Dr Watters completed the Degree of Doctor Philosophy in 1970 while employed in the Department of Zoology. For the next three decades, he and the other staff of the Department developed the Zoology Museum to a level that is envied by other universities.
Dr Watters, appointed as honorary Curator on his retirement from teaching in 1988, enriched the Museum by developing an international network of museum staffs which enabled the exchange of specimens previously unavailable to museum users. His reputation led to visits to over 140 museums in 31 countries, and invitations, through the Australian Universities and Colleges International Development Program, to consult on developing museums in departments of Biology in universities in Thailand and the Philippines.
In 1981, Dr Watters was invited to join the Committee of this University’s Museum of Antiquities when it expanded into its new, larger space.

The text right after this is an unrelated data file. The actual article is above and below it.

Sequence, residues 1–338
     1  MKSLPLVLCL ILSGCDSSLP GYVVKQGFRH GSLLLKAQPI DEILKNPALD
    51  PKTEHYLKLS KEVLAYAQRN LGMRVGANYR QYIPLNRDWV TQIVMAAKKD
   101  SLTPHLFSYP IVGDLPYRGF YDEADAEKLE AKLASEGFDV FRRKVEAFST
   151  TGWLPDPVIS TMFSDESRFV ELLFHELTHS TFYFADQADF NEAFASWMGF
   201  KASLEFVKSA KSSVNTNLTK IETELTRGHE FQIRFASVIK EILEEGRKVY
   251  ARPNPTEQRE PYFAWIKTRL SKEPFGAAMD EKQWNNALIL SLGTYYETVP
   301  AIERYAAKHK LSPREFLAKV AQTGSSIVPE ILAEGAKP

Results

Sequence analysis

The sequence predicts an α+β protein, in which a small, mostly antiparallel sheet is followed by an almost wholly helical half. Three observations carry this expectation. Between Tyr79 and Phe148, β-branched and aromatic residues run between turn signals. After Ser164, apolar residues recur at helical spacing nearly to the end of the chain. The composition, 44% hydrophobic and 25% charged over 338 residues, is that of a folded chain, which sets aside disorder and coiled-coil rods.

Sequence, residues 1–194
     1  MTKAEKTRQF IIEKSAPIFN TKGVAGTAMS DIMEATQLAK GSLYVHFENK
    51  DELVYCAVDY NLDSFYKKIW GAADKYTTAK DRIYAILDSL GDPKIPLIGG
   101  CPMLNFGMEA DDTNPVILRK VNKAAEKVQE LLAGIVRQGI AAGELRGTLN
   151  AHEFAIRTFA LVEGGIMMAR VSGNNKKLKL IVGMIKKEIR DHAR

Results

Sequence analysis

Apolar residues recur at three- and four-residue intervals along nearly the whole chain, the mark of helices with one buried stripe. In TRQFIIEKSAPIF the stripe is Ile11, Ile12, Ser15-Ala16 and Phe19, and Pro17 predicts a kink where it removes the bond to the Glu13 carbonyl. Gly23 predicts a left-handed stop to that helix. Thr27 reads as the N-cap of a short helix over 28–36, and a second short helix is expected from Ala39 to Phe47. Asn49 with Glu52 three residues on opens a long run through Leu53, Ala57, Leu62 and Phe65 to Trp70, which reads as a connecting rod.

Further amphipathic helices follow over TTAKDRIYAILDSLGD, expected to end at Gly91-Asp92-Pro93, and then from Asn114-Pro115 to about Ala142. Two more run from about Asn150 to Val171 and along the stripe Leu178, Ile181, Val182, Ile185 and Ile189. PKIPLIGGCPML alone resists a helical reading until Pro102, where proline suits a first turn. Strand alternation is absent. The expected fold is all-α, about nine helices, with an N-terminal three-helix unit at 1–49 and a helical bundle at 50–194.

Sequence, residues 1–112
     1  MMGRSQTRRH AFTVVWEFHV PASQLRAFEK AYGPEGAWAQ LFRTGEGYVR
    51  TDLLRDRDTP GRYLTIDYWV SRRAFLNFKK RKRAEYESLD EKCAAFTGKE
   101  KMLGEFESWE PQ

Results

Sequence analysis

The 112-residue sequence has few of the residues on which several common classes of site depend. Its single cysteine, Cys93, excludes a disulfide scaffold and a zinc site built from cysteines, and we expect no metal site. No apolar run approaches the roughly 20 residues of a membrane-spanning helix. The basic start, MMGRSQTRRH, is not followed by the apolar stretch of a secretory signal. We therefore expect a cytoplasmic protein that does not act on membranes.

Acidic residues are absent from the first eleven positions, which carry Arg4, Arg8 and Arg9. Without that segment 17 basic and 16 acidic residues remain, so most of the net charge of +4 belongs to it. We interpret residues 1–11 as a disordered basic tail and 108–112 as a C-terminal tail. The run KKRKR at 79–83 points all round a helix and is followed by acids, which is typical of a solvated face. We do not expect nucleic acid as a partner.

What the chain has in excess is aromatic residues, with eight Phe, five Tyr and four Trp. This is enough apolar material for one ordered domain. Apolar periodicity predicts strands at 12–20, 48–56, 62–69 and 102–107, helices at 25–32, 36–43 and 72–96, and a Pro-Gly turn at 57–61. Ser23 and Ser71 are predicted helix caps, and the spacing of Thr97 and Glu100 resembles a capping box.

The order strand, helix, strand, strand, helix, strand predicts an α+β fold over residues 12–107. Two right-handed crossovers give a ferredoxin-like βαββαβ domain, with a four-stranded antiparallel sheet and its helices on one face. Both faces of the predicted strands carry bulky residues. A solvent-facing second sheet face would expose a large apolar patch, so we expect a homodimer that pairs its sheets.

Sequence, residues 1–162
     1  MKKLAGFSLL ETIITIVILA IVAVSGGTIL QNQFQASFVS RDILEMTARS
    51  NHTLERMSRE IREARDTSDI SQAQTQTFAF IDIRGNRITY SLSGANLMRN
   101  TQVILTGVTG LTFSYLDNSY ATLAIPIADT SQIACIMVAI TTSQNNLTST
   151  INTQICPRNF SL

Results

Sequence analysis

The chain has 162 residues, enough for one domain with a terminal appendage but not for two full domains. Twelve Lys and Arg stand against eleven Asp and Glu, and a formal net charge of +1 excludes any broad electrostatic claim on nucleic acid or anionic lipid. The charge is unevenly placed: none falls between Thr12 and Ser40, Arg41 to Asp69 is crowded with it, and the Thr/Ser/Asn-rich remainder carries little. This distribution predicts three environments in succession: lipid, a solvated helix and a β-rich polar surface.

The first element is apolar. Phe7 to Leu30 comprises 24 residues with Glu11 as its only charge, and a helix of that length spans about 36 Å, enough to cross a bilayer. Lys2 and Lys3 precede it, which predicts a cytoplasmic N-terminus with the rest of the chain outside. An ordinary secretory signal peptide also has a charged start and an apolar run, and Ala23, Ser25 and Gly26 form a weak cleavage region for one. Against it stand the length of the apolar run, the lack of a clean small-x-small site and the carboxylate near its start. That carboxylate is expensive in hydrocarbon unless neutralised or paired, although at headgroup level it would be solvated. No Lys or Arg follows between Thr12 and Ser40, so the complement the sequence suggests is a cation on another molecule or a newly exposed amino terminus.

Readily accepting the challenges of working in an academic field so different from his own expertise, he quickly familiarised himself with knowledge essential for these fine materials to tell their stories. He generously and energetically undertook the role of Honorary Curator in 1984 and the extensive and often arduous administrative workload that position engenders.
In 1996 in recognition of his contribution to the Museum of Antiquities, the Faculty of Arts awarded Dr Watters the degree of Master of Arts, honoris causa. The University awarded him the title of Distinguished Graduate Fellow of the University in 2010. He continued to oversee the Zoology Museum until 2007 as Honorary Curator.
In the New England region he also made significant contributions to the Emmaville Mining Museum, the Hunter River Lancers and 24th Light Horse Memorial Museum, the Armidale Folk Museum and McCrossins Mill Museum in Uralla in addition to the university museums he was involved in.
– Written by William Oates, University of New England Archivist